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I know it's a stretch, and I'm pretty sure it's not, but is 名前 related to name? I always thought it was weird that they were so similar in pronunciation.

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They are also not close in pronunciation, only in Rōmaji spelling. /neim/ vs /na.ma.e/ – user54609 Oct 30 '13 at 12:04
@user54609 However, it's not as far off from German's "Name" (ナーメ). – Kaz Oct 30 '13 at 15:33
up vote 8 down vote accepted

It's just a coincidence and an example of a false cognate.

The etymology is covered here in Japanese.

Basically, the term "名" has been around for a pretty long time with the same meaning as 名前. It's thought that the 前 part is an honorific that was added some time later. Early uses of the full word 名前 can be seen in use in relatively modern times. The English term for it seems to be "modern" in the historical sense, but in Japanese 近世 seems to refer roughly to the Azuchi-momoyama period through Edo, roughly 1500s to mid 1800s. Not quite sure exactly when the first recorded use was. It was widely used from the Meiji period onward.

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Clearly the word 設定 also has its roots in the English word "set".

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We have "comments are not for answers", but I think we should also have a "answers are not for comments". I don't think this really answers the question, but rather questions the question in a roundabout way. Moreover, your answer seems to suggest that any cognate should be false. Like たばこ would be a false cognate of "tobacco". – Earthliŋ Nov 1 '13 at 20:45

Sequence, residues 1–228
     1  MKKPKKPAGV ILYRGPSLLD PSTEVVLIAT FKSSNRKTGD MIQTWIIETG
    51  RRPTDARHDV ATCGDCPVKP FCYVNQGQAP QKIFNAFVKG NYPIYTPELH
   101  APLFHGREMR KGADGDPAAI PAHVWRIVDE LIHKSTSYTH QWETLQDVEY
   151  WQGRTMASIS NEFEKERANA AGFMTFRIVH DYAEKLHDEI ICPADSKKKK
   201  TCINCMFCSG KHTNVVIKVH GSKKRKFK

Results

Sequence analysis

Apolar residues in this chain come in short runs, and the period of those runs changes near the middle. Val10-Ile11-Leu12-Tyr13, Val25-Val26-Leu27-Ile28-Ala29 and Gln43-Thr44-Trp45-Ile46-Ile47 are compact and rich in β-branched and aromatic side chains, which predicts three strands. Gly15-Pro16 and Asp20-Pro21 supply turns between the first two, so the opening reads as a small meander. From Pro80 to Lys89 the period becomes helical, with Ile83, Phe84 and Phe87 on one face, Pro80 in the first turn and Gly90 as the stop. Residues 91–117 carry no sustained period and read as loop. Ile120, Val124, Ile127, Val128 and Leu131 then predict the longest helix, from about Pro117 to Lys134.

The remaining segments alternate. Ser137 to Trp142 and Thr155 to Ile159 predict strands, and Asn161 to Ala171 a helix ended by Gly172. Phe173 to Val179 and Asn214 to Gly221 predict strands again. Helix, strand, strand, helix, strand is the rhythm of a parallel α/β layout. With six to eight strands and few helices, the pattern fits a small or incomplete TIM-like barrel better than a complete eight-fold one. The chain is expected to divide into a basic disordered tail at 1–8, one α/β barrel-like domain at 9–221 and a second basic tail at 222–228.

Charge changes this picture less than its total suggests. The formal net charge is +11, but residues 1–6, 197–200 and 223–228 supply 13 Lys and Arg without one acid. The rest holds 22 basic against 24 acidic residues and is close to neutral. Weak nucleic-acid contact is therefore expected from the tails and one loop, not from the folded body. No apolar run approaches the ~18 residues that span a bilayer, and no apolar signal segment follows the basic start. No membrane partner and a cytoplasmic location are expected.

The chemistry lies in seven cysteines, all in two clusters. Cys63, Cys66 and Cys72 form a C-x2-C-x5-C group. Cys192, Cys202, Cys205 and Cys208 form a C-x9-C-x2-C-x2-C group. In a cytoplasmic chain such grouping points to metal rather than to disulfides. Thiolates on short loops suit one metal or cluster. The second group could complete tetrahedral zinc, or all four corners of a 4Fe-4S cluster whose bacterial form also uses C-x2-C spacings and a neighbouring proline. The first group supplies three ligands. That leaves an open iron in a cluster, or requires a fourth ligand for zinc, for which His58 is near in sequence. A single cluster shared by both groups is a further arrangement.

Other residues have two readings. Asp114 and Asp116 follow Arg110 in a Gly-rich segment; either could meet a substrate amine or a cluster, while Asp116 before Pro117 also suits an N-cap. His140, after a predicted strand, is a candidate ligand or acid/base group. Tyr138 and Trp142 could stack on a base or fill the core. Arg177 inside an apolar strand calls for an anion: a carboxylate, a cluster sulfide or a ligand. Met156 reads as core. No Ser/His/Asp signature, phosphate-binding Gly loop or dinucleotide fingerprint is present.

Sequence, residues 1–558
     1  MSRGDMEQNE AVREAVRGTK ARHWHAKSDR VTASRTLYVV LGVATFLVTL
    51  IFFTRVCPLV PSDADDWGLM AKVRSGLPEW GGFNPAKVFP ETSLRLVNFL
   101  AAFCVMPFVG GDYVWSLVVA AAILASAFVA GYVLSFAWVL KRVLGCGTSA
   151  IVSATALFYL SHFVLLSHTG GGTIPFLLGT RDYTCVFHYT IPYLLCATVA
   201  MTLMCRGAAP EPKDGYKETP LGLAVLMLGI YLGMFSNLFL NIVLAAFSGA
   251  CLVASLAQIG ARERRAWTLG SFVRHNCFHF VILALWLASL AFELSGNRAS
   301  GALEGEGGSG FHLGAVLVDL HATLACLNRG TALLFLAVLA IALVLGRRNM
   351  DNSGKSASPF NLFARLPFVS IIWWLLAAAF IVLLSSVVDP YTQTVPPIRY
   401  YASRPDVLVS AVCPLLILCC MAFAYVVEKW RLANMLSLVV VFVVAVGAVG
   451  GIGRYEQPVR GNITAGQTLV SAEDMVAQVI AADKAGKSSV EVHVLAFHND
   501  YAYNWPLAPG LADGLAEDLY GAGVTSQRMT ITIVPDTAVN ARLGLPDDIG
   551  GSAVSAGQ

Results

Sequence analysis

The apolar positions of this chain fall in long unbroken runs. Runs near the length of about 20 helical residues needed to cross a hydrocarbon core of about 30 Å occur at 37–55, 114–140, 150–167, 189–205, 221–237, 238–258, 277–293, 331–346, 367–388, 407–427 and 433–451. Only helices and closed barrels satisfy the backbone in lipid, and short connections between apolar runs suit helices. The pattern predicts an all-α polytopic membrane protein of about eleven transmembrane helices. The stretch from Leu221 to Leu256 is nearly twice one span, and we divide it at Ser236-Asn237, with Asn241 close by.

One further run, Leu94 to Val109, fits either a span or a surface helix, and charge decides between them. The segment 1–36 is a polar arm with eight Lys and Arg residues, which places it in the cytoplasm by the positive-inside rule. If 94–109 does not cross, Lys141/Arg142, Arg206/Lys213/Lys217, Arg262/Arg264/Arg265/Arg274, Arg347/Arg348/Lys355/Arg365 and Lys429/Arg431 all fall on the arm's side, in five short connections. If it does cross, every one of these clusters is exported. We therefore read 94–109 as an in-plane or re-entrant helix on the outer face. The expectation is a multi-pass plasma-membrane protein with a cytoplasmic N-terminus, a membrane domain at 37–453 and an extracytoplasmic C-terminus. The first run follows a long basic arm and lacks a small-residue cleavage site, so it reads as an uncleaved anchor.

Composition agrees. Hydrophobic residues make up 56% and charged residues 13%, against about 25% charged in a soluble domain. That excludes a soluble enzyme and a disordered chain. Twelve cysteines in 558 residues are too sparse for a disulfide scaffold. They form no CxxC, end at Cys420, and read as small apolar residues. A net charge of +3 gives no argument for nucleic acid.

@Earthling: I do not think that this answer suggests that any cognate should be false. OP thought that 名前 and name might be related because he thought “it was weird that they were so similar in pronunciation,” and as I understand it, the intent of this answer is to point out the flaw in OP’s reasoning (indirectly—which some people may dislike, but that is a separate issue). – Tsuyoshi Ito Nov 1 '13 at 23:40
@TsuyoshiIto Fair enough. To me it's still not clear whether citing 設定 and "set" is enough to point out the flaw in the OP's reasoning, unless the OP agrees that they are that similar in pronunciation (at which point he could ask, whether 設定 indeed has its roots in the English word "set"). – Earthliŋ Nov 1 '13 at 23:53
@Earthling: Just in case, I have never claimed that this answer is easy to follow. (In fact, I am worried that some visitors in future may read this answer and believe that 設定 originates from set, but again, that is a separate issue.) – Tsuyoshi Ito Nov 2 '13 at 0:05

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